[jak-ahrd, juh-kahrd; French zha-kar]
Origin of jacquard
1850–55; named after J. M. Jacquard. See Jacquard loom
- Jo·seph Ma·rie [zhoh-zef ma-ree] /ʒoʊˈzɛf ma ri/, 1752–1834, French inventor.
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Examples from the Web for jacquard
Purple pleated skirts turned sporty thanks to flap pockets; jacquard prints enlivened wide-leg trousers.Paris’s Fashion Finale
October 6, 2011
Instead of diminishing employment, the Jacquard loom increased it at least tenfold.Self-Help
France has a right to exemplify the Jacquard in its fulness, for it is hers.
Jacquard enjoyed the reputation of a virtuoso-trained player.The Violoncello and Its History
Wilhelm Joseph von Wasielewski
American manufacturers are using the Jacquard loom, a Lyonnais invention.Europe from a Motor Car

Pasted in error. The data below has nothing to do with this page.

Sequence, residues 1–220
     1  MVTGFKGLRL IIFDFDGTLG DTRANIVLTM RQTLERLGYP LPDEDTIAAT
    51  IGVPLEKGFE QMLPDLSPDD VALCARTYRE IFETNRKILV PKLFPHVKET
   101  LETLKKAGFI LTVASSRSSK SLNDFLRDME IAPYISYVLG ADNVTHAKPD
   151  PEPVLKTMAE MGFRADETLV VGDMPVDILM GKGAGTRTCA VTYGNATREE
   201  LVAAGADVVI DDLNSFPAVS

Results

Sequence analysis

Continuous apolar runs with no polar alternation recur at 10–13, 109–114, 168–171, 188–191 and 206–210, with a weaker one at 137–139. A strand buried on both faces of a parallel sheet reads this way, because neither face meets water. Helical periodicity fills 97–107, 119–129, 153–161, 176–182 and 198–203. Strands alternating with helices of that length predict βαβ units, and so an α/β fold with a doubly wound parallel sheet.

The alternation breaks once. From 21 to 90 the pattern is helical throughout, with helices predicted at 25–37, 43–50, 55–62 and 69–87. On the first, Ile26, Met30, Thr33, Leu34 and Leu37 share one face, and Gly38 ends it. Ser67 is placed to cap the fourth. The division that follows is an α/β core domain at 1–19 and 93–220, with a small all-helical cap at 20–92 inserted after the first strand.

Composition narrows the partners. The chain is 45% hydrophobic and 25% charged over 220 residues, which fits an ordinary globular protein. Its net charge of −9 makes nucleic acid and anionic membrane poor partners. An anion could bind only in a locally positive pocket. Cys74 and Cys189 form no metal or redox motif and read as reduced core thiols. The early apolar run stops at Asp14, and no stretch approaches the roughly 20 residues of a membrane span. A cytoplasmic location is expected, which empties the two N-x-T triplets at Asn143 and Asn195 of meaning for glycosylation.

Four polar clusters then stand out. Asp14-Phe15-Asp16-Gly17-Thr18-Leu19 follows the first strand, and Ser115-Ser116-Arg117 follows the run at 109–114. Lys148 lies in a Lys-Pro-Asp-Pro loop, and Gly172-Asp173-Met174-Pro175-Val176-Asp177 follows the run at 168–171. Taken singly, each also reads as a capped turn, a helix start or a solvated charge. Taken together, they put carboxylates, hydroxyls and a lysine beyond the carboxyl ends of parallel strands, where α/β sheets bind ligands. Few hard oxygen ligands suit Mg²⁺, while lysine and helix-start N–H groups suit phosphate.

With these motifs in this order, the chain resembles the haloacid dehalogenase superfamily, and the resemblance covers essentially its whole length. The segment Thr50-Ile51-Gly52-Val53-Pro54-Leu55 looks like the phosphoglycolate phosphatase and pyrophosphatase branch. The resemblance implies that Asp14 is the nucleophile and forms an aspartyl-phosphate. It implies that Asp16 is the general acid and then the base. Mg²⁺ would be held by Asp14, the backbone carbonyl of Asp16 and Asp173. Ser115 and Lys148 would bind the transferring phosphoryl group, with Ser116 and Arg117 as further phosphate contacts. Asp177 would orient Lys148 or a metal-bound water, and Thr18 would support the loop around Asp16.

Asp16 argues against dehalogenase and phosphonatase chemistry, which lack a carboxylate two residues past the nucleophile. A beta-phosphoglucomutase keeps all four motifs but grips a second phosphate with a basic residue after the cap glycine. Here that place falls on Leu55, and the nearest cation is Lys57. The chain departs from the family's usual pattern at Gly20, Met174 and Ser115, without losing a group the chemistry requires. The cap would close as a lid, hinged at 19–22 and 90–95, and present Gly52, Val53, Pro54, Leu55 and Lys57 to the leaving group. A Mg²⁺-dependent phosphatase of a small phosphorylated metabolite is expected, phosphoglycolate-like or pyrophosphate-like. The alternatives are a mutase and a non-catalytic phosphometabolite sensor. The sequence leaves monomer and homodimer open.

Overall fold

"Yes, but you must give me time to make it," replied Jacquard.Triumphs of Invention and Discovery in Art and Science
J. Hamilton Fyfe
- Also called: Jacquard weave a fabric in which the design is incorporated into the weave instead of being printed or dyed on
- Also called: Jacquard loom the loom that produces this fabric
C19: named after Joseph M. Jacquard (1752–1834), French inventor
Collins English Dictionary - Complete & Unabridged 2012 Digital Edition © William Collins Sons & Co. Ltd. 1979, 1986 © HarperCollins Publishers 1998, 2000, 2003, 2005, 2006, 2007, 2009, 2012
Word Origin and History for jacquard
1841, from Joseph Marie Jacquard (1752-1834) of Lyons, inventor of new weaving technology c.1800.
Online Etymology Dictionary, © 2010 Douglas Harper